Few things signal fall in Santa Fe more than the scent of green chiles roasting.
It’s early September, and fat, electric-green and red-tinged chiles from the southern parts of our state have arrived en masse, filling barrel roasters in parking lots all around town. There are the $5 and $6 zippered sandwich bags of still-warm charred chiles lining the tables at the farmers market; and 13 bucks buys a lumpy burlap sack full of not-yet-popped “Hatch extra-hots” from the roaster inside the chain-link fencing set up outside Lowe’s supermarket on St. Mike’s.
I buy both kinds of bags—Ziplocs and bushels—but, admittedly, I sort of buy them blindly, certain only that I prefer a mix of “medium” to “extra hot” peppers to freeze and then dole out for enchiladas, burritos, dips, stews and sandwiches throughout the winter. A little asking around reveals that most of my friends, native New Mexicans and newer arrivals alike, do the same thing—buy chiles for their declared heat index instead of their origin or variety—so the buying details below should help us all be more informed chile consumers this season.
Jaye Hawkins, the executive director of the New Mexico Chile Association, an industry advocacy group, tells me that most of the chiles tossed in the roasters around town were likely harvested in and around Hatch or Deming, in the southern part of the state—though increasing numbers of the fat pods are picked in the middle Rio Grande valley around Socorro. “The most important question to ask a roaster before you buy is where his or her chile comes from,” says Hawkins, who confirms that ‘impostor’ peppers from Mexico are on the market, too.
Hawkins also admits that California has now outgrown New Mexico in terms of acres of green chiles harvested, though the Golden State’s peppers are not the same varieties as those favored by New Mexico chile growers; and Hatch, NM, still holds the title of “Chile Capital of the World.” “None of our New Mexico farmers really cultivate on a largescale, like in California,” Hawkins says.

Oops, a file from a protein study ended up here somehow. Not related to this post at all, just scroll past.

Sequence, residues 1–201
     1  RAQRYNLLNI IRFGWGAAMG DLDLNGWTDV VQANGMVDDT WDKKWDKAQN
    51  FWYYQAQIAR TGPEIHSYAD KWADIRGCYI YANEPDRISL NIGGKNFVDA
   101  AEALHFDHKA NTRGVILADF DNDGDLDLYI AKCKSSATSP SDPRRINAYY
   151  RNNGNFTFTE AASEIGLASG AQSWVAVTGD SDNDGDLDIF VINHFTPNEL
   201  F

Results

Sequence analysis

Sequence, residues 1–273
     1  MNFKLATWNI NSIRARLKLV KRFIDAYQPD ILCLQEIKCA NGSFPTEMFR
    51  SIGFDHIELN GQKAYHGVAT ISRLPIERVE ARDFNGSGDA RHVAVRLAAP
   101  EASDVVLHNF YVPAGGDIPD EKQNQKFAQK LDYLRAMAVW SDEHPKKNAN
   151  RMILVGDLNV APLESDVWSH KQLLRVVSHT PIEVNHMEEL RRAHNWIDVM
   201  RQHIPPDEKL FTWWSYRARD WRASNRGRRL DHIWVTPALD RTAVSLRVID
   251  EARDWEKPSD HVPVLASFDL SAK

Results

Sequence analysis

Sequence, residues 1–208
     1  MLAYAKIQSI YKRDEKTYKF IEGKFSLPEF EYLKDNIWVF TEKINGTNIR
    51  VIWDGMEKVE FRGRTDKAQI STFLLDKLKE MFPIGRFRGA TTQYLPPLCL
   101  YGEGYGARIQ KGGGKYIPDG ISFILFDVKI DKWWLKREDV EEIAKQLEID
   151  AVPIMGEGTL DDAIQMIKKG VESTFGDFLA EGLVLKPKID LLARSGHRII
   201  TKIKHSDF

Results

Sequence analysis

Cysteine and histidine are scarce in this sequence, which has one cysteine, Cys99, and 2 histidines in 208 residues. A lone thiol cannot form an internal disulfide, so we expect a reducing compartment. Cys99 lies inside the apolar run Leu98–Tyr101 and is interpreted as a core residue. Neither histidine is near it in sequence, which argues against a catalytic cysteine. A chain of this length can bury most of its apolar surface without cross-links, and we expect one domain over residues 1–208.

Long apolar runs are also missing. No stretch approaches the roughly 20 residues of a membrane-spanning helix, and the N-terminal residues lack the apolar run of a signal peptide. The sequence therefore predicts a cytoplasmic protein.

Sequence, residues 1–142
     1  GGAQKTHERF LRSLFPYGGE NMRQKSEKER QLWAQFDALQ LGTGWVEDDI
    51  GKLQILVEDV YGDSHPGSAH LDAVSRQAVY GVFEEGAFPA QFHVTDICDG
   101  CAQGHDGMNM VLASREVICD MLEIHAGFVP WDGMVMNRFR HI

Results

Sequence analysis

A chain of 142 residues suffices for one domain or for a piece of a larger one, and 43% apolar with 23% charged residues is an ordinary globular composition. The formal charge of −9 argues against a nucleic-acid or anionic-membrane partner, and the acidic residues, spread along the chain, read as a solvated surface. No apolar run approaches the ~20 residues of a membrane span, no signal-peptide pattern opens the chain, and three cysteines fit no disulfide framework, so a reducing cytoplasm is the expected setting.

“California chile fields are thousands of acres. New Mexico’s biggest chile growers farm hundreds of acres at most, and in northern New Mexico, 5-10 acres of green chile makes for a ‘big farm.’ Plus, New Mexico’s chiles remain the go-to chiles of connoisseurs,” she continues. Green (and red) chiles distinguish New Mexican cuisine, of course, and our green chiles are apparently in high demand in the Pacific Northwest this year, Hawkins says.
This demand gives the NM Chile Association members hope that our state’s cultivated acreage might soon return to what it was back in its heyday in the 1990s. Before you buy, ask where the chiles were grown. Anywhere in New Mexico is really “top notch,” insists Hawkins, who also points out a common misperception: “Hatch is a place, not a type of chile. When it comes to types of chile, many Santa Fe roasters source from the Socorro area, where the majority of northern New Mexico’s chile is grown.” At the farmers market, proprietary varieties are available.
Romero Farms has sold its “Alcalde Improved” variety for a dozen years, though Matt Romero claims his family has been “improving” the meaty, red-tipped pepper for some 40 years. Perhaps the most popular chile variety on the market is the Big Jim. “Growers love [it] because it’s a large, meaty pepper that is great for relleno-making,” Hawkins notes.
“It’s probably the most widely sold medium-heat variety out there.”